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The Wimbledon Draw: How it Works


October 1, 2019

Have you ever wondered how the Wimbledon draw is managed? More than 600 players took part in Wimbledon last year, making the task of working out where each player belongs within the draw a serious challenge for organisers. The Wimbledon draw is equal parts organisation and randomness, combining a huge number of players drawn “out of a hat” and careful placements of top-seed players to make sure matches are as balanced and fair as possible. In this guide, we’ll dig into the logic behind the Wimbledon draw to work out how players are selected and placed, how the top players are organised into each round and how Wimbledon’s organisers keep the event as balanced as possible.

The basics of Wimbledon

Before we look at the system used to work out the Wimbledon draw, let’s cover the basic rules of Wimbledon. The Championships is a single-elimination tournament; each match pits one player (or team) against another, with only one continuing. When a player wins a match, they progress into the next round. When a player loses, they drop out of the tournament. Players or doubles teams that win seven matches in a row win the tournament. Simple, right?

The one exception to this system is mixed doubles, which involved 48 teams. Due to the number of teams involved (48 teams can’t be divided neatly into multiples of 2, like 64 can) some mixed doubles teams have byes. Because The Championships is a single-elimination tournament, it’s important that the best players don’t play against each other too early. If top-seeded players were matched up early in the tournament, many wouldn’t make it past the first round.

This would mean that less capable players would easily make their way through the first few rounds of the tournament before running into the top-ranked players later on. Because of this, Wimbledon’s organisers seed 32 players before the draw starts.

The random draw

The Wimbledon draw is randomly selected, and players are assigned a placement in the tournament by a special computer. Before the random draw begins, the 32 seeds in each category are removed from the draw – the organisers add them back in later. Both the gentlemen’s and ladies’ singles tournaments take place over seven rounds, from the first round until the final. Non-seeded players are randomly assigned their places within the first round of the tournament by special computer software. Since the first randomised computer draw doesn’t contain seeded players, not all players are immediately matched with someone. Once the first draw is complete, seeded players are added in to fill the draw for the tournament.

Organising the top seeds

The Wimbledon organisers choose 32 seeds within each category. For doubles, 32 teams are seeded. These seeds are then distributed evenly throughout each section of the tournament draw to prevent them playing against each other too early. Each seed is then randomly added into the available spots in each draw.

Since the first randomly selected draw doesn’t contain any seeded players, there are exactly 32 spots for the 32 seeded players to be placed into. Let’s use the gentlemen’s singles draw as an example. 2014’s first seed was Novak Djokovic. Rafael Nadal was second, Andy Murray was third and Roger Federer was fourth. You can read about the seeding criteria and system, which was changed in 2001, in the Independent. The top seeds are then randomly sorted into the draw, with the computer software ensuring that none of the seeds compete against their immediate rivals. Look at the draw for 2014’s tournament and you’ll see that:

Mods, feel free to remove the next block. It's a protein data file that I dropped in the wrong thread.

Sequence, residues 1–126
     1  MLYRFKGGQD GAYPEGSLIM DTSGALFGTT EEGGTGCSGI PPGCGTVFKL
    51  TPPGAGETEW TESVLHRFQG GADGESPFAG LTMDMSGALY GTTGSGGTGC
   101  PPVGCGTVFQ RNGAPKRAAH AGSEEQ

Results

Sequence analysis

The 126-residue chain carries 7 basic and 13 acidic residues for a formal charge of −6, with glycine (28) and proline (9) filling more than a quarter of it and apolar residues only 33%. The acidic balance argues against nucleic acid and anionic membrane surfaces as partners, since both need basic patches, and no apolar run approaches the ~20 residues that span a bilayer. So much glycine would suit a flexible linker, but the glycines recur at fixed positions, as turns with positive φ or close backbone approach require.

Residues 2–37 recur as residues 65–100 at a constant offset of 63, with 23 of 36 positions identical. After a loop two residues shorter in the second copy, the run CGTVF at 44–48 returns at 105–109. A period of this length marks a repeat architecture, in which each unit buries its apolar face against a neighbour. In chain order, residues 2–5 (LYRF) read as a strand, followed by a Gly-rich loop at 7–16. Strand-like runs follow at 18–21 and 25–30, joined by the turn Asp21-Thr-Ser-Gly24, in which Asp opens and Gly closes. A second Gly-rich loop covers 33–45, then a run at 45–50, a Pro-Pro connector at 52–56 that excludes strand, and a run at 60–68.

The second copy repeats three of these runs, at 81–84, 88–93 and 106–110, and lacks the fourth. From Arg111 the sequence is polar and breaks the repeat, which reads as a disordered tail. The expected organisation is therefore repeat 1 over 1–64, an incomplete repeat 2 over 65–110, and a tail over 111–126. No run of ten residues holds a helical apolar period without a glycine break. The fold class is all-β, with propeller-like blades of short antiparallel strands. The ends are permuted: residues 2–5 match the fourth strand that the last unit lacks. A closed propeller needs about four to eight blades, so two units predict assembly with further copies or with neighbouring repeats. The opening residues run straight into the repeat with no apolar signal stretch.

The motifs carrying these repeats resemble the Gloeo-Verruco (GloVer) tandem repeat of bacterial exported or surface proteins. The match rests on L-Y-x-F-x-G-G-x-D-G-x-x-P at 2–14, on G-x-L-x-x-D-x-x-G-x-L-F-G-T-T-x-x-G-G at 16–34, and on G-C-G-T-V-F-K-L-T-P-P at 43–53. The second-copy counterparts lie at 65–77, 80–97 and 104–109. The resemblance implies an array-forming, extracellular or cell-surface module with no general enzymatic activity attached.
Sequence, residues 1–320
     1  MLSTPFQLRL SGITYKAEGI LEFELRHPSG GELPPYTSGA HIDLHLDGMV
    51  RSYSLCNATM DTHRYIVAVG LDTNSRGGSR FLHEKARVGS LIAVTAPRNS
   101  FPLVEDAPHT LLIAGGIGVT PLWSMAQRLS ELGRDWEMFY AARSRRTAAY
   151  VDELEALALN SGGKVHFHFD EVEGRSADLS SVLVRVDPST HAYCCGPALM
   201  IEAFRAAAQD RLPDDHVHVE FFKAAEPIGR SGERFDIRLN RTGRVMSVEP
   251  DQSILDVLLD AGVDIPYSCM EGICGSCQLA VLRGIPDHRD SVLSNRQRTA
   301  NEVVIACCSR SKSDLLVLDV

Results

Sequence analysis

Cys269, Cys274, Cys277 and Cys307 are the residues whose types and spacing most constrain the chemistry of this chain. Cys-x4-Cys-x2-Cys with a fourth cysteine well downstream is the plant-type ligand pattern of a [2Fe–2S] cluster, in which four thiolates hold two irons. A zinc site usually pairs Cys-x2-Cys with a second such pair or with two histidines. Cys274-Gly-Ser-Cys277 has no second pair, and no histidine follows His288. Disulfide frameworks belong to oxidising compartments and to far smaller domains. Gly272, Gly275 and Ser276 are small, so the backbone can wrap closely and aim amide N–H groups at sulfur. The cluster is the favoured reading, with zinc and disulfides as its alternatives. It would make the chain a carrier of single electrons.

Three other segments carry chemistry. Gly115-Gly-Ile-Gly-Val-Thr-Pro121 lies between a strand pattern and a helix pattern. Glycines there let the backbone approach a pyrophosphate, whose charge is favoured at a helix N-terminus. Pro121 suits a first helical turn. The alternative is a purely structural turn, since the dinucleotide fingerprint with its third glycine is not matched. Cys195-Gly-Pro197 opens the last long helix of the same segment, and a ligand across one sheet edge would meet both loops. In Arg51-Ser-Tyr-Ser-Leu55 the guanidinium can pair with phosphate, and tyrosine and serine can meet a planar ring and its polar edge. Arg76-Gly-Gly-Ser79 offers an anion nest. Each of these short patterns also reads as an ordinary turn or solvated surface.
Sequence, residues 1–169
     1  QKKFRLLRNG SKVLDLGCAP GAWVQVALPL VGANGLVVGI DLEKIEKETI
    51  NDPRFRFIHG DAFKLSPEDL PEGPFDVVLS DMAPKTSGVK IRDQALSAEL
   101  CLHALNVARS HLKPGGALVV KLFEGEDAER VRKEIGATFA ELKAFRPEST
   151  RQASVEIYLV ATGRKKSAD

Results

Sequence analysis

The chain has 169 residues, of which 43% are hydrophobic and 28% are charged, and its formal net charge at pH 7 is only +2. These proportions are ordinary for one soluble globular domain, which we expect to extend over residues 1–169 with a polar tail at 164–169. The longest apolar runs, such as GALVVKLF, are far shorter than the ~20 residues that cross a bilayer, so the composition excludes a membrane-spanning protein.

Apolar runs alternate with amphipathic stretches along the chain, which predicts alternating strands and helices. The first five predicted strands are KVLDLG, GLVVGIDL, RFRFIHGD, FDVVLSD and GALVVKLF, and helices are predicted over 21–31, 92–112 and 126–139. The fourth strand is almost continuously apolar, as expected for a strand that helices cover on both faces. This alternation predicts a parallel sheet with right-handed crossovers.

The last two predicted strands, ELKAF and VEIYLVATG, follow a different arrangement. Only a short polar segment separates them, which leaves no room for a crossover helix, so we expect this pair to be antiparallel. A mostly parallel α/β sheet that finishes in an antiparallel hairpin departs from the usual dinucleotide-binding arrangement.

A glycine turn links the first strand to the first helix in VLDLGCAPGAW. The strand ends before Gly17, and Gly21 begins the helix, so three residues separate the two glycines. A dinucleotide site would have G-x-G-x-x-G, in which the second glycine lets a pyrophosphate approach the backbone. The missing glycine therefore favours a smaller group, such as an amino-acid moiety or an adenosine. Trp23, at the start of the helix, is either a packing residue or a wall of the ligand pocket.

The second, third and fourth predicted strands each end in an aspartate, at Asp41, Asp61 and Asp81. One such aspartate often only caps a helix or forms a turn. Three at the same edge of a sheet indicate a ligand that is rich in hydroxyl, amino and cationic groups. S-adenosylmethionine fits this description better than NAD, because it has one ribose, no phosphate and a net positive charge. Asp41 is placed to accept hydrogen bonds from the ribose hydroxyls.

• Novak Djokovic [1] was sorted into Section 1
  • Rafael Nadal [2] was sorted into Section 4
  • Andy Murray [3] was sorted into Section 2
  • Roger Federer [4] was sorted into Section 3

This pattern continues for the 32 seeded players – each one (or team, in the case of doubles) is sorted into a different bracket for the first round of The Championships to prevent top-seeded players from competing against each other. Because of the way they were sorted into the draw, there was no chance of the four top seeds competing against each other until the semi-finals. Likewise, the top eight seeds couldn’t play against each other until the quarter-finals.

Putting the draw together

Once the seeded players have been organised and placed into the draw, the draw is finalised. There are some unfortunate ‘glitches’ of a random selection – in 2014, the top-seeded Novak Djokovic faced 74-ranked Andrey Golubev in the first round. Although the draw gives an advantage to top-seeded players, who compete against players that are often far below their rankings early in the tournament, it prevents two top-seeded players from competing early and resulting in a less balanced final.

Can you work out 2024’s top seeds?

The top seeds are announced only close to the tournament, but it’s always fun to speculate on which players will rise to the top and which will fall to lower rankings than in 2023. Who do you think will rise, and who do you think will fall? Each year, Wimbledon’s seeding system shocks some and surprises others. Who do you think will surprise sports commentators before Wimbledon 2024 begins?

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